Price crash: Is Incitec Pivot Ltd a buy?

Incitec Pivot Ltd (ASX: IPL) manufactures chemicals used in industrial and agricultural production. The company formed following a merger between Incitec Fertilisers and the Pivot Group in 2003 to create what is now the second-largest fertiliser and explosives maker in the world, behind listed peer Orica Limited (ASX: ORI).

At the start of January this year, Incitec issued a $14 million profit downgrade following the derailment of a supply train operated by Aurizon Holdings Ltd (ASX: AZJ), sparking a 25% sell-off over the month of January. When compared to the S&P/ASX 200 Index (ASX: XJO), which closed marginally lower over the same period, Incitec’s downgrade appears fully priced-in with limited downside.

Here’s why I think it is a buy today.

Train derailment

On 27 December 2015, Aurizon’s supply train derailed near Julia Creek in Queensland. It was carrying 200,000 litres of a key ingredient for making fertiliser — for use at Incitec’s flagship Phosphate Hill production facility. The incident is expected to wipe a one-off $14 million from full year net profit after tax (NPAT), equating to 3.5% of 2015 full year NPAT. By contrast, Incitec’s share price has crashed 25% amidst global gloom, implying the sell-off might be overdone.

Production targets

Importantly, Incitec’s management has been active and opted to bring forward maintenance to offset any loss in production of phosphate fertiliser. Accordingly, management reiterates that Incitec is still ‘on track’ (pun intended) to reach its 950,000 tonne production target at Phosphate Hill, despite the derailment.

As such, NPAT should go largely unaffected by the train derailment.


A key risk, and possible reason, for why Incitec has suffered such a dramatic fall in share price is the cutback in exploration expenditure by oil and mining companies. Incitec’s second core business is explosives used in mining and oil exploration and production. Amidst the commodity meltdown, investors have assumedly grown weary of decreased demand for Incitec’s explosives business, marking down its shares in anticipation of weak results later this year.

Positive steps

The reality is that management has already taken positive steps to brace for a mining slowdown. Incitec has invested heavily in its fertiliser business by constructing a state-of-the-art ammonia production facility in Louisiana, U.S.

First production from the new plant is due in the second half of this year. This coincides at a time where gas prices, which account for 75% of the cost of producing ammonia, are at all time lows. The continuing depreciation of the Australian dollar against the US dollar also means earnings from this project are likely to receive a translational benefit when Incitec reports later this year in May, making Incitec’s investment decision into Louisiana well timed.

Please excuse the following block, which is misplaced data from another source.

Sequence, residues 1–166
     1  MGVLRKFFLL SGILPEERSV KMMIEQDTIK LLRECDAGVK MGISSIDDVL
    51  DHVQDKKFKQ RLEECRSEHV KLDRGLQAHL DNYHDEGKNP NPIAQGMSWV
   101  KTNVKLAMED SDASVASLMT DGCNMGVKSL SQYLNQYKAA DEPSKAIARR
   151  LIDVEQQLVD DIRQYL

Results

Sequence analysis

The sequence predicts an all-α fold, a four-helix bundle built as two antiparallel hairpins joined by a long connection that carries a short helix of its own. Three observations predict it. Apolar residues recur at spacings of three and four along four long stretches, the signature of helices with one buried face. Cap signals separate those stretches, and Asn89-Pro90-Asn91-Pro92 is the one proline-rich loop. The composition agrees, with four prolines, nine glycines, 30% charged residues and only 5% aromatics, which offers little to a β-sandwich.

Strong balance sheet

Finally, Incitec’s strength lies in the quality of its balance sheet. Despite the ongoing investment in the U.S. and decreased demand for its products, Incitec slashed net debt in 2015 to $1.3 billion (from $1.5 billion) using free cash flows. Earnings in its fertiliser business grew 22% year-on-year and net profit jumped 9% to $398.6 million.

Whilst the further deterioration of commodity markets means those results are unlikely to be repeated this year, Incitec’s strong cash position should see it through any market weakness, making for a compelling investment today.

Foolish takeaway

Although it is unknown when the mining slowdown will end, Incitec Pivot has the right formula to make for an explosive comeback when the commodity cycle turns. In my opinion, the current share price does not reflect management’s long-term strategy of reinvesting in its core businesses to increase productivity, thus I believe investors should buy at current prices to reap rewards in the future.

What would YOU do if the market crashed tomorrow?

With the ASX flirting with 5,000, some experts are predicting a market crash. Discover our Foolish experts' advice on what YOU should do in the event of a crisis -- simply click here for your FREE copy of our newly updated report, "What to Do When the Sharemarket Crashes". Click here, it's FREE!.

Motley Fool contributor Rachit Dudhwala has no position in any stocks mentioned. Unless otherwise noted, the author does not have a position in any stocks mentioned by the author in the comments below. The Motley Fool Australia has no position in any of the stocks mentioned. We Fools may not all hold the same opinions, but we all believe that considering a diverse range of insights makes us better investors. The Motley Fool has a disclosure policy. This article contains general investment advice only (under AFSL 400691). Authorised by Bruce Jackson.

Two New Stock Picks Every Month!

Not to alarm you, but you’re about to miss a very important event! Chief Investment Advisor Scott Phillips and his team at Motley Fool Share Advisor are about to reveal their latest official stock recommendation. The premium “buy alert” will be unveiled to members and you can be among the first to act on the tip.

Don’t let this opportunity pass you by – this is your chance to get in early!

Simply enter your email now to find out how you can get instant access.

By clicking this button, you agree to our Terms of Service and Privacy Policy. We will use your email address only to keep you informed about updates to our website and about other products and services we think might interest you. You can unsubscribe from Take Stock at anytime. Please refer to our Financial Services Guide (FSG) for more information.